Since joining Settlement’s faculty last fall, Mike Stambaugh has been busy, and not just because he splits his teaching time between three different community branches - Mary Louise Curtis, Germantown, and Wynnefield. Every spare minute outside of the classroom, he’s been working on composing original music for the Philadelphia new-music ensemble Relâche. On Sunday, Jan. 25, Relâche will play his music as accompaniment to a silent film, “The Eyes of the Mummy,” at the University of Pennsylvania Museum of Archaeology and Anthropology.
Stambaugh calls the film “a psychological, magical-realism thriller” – lofty terms for a movie produced in 1918 and not shown in the United States until 1922. “It’s kind of a serious movie, but it’s also kind of goofy,” he says. “There are parts that seem especially silly 90 years later.”
He says his music leans toward the serious side, with leitmotifs, or recurring themes, that represent the movie’s main characters, as well as the “mummy’s curse” that looms over the entire film. There are still some moments of levity among the 60 minutes of music: one character’s theme is “For He’s a Jolly Good Fellow.”
This outstanding opportunity for a young composer – a large-scale piece, performed by a notable ensemble – came about through Relâche’s oboist, Lloyd Shorter, who was one of Stambaugh’s professors during graduate school at the University of Delaware. Shorter is part of an unconventional lineup of instruments – flute, oboe, clarinet, bassoon, viola, piano, bass and percussion – that presents unique challenges to composers.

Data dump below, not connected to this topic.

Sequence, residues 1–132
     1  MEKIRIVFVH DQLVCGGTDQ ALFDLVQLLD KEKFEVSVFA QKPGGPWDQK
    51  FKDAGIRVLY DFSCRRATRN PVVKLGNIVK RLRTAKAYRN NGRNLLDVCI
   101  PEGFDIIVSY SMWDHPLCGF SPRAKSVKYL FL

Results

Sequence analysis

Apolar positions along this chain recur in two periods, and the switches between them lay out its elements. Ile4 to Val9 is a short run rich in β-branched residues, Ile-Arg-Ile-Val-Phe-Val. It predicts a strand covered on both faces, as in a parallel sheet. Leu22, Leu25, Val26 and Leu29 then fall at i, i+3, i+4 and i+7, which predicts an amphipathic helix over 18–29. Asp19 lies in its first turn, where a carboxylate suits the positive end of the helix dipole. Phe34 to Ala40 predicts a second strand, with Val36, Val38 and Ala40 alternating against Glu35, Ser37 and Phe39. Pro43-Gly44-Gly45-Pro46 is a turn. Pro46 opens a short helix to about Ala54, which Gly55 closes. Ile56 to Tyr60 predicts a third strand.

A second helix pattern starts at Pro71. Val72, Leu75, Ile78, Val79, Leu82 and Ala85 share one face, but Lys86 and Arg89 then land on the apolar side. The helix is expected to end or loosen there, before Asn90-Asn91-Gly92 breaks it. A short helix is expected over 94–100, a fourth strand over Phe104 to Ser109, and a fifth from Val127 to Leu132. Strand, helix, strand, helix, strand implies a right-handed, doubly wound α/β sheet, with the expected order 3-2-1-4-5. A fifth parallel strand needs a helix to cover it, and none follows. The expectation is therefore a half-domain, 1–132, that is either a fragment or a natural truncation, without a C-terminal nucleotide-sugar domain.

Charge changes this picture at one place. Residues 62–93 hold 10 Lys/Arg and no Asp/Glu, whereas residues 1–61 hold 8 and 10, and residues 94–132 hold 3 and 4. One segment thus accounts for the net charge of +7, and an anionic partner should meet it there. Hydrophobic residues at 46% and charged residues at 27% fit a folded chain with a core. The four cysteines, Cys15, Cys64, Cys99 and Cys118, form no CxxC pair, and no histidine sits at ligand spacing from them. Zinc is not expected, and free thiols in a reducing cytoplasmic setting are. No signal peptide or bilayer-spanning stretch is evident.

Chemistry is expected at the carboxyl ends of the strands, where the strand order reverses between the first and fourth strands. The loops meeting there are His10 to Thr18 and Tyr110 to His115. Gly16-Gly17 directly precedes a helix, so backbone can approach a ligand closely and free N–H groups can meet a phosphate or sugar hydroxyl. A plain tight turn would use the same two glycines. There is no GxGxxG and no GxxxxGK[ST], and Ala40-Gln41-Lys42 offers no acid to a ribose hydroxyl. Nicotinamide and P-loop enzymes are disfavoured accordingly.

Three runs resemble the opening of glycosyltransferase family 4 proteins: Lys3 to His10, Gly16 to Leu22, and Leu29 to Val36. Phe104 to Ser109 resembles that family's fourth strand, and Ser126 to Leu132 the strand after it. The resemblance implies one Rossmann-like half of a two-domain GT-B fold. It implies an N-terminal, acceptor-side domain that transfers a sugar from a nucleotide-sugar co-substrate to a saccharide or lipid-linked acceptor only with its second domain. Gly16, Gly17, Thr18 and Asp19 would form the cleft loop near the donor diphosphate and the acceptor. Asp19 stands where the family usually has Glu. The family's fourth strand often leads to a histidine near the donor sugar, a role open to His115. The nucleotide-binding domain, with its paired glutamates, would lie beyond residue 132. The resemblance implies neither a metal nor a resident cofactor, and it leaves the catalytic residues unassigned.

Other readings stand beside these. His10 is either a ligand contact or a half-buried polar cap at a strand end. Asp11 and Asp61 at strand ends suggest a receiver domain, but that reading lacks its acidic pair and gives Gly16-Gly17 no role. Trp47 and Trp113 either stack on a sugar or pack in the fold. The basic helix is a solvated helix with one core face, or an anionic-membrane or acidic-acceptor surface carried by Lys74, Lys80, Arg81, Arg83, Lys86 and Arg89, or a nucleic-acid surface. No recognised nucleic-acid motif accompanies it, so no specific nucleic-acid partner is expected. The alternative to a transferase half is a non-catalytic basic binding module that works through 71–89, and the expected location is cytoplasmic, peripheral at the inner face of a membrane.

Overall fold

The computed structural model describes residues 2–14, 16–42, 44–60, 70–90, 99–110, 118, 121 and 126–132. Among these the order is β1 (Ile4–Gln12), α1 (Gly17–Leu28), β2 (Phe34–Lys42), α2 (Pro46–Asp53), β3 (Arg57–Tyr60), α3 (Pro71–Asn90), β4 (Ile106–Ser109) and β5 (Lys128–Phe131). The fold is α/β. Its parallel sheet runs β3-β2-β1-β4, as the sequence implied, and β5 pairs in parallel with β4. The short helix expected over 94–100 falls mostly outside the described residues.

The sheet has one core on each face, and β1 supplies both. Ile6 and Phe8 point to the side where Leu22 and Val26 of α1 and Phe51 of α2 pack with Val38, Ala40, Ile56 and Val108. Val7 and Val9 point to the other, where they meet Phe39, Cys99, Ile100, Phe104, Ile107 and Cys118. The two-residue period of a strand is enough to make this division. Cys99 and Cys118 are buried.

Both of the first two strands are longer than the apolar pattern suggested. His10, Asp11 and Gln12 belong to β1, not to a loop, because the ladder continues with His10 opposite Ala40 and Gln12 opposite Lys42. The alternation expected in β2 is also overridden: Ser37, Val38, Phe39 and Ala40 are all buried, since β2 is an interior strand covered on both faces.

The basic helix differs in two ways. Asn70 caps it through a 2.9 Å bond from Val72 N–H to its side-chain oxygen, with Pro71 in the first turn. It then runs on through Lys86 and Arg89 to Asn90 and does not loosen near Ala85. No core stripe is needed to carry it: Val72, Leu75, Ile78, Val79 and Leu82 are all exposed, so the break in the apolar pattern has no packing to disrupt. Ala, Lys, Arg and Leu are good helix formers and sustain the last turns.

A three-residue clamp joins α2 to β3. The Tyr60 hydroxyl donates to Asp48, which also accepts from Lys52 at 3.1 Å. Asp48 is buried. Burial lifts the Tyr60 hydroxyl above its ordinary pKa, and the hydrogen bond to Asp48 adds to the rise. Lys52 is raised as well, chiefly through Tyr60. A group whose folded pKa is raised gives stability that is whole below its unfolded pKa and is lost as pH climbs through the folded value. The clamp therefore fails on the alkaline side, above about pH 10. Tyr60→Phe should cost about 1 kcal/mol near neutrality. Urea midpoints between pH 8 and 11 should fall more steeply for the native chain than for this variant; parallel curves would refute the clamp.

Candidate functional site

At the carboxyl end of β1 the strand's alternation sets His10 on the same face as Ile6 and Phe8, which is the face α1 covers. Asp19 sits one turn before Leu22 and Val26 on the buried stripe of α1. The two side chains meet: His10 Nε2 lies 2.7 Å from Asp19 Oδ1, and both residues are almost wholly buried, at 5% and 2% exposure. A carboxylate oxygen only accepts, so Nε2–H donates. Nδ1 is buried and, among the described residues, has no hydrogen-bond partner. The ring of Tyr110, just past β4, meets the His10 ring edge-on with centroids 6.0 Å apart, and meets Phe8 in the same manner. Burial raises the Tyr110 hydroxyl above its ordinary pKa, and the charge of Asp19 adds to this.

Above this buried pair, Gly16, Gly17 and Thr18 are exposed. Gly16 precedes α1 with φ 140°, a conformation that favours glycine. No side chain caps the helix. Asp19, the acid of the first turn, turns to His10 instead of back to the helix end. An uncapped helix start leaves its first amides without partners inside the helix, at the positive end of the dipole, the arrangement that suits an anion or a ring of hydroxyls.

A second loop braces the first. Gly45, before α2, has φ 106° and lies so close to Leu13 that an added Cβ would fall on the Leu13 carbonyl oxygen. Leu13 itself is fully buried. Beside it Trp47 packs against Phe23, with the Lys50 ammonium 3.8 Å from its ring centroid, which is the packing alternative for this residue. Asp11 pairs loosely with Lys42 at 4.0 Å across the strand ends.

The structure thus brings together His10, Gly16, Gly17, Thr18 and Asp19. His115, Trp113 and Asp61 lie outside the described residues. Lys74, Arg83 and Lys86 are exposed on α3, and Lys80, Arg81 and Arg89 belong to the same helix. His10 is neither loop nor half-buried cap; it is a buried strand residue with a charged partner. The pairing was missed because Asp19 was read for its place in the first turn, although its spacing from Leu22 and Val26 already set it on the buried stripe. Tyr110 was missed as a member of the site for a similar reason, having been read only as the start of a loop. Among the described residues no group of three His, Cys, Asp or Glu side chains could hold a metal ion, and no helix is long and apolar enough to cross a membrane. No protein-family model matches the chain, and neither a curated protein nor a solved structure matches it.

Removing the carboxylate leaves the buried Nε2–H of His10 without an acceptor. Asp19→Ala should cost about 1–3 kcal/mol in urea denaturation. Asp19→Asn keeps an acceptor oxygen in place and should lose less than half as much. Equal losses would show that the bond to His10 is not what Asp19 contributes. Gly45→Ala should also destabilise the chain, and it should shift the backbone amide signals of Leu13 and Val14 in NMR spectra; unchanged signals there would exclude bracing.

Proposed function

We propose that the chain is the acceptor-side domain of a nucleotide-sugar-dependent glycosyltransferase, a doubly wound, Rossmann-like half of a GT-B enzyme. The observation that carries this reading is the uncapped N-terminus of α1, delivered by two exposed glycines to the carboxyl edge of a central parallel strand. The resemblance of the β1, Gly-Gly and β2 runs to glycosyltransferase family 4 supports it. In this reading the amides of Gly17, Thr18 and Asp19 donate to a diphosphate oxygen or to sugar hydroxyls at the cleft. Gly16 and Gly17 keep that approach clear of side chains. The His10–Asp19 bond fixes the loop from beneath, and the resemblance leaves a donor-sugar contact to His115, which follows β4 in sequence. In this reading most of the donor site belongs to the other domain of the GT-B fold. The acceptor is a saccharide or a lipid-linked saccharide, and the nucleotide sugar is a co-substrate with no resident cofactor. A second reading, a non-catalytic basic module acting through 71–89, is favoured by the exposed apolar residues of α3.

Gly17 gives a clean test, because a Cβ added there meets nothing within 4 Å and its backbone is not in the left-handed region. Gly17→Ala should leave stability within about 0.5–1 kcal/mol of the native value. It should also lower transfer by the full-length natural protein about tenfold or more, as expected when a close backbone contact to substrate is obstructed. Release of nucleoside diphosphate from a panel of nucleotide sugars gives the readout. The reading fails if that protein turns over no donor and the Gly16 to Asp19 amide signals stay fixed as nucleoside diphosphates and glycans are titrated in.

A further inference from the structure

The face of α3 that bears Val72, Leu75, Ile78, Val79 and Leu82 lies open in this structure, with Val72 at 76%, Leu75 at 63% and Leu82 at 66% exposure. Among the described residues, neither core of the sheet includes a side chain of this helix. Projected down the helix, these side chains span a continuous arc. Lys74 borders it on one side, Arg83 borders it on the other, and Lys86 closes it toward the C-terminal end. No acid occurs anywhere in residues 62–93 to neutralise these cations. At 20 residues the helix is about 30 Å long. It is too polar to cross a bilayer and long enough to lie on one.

Though piano is Stambaugh’s main instrument and the instrument he first composed for – he started writing pieces for piano starting at age 8 – this composing assignment forced him to get away from the piano. He had to keep from “thinking pianistically” and focus on the sounds, colors and combinations possible in the ensemble’s instrumentation. “I’m used to writing for small groups or for solo piano,” he says. “This is the second-largest group I’ve ever composed for.”
Like taking any big step in music, it has been a challenge, similar to ones Stambaugh faced during his musical upbringing. “I never thought I would go to college for music – I never thought I was good enough,” he says. But years of devoted practice led to studying music theory at Temple University's Boyer College of Music and discovering a love for composing while there, further studies in music composition at Delaware, and now to opportunities in Philadelphia for playing, composing, and sharing his knowledge through teaching.
Faculty member since 2014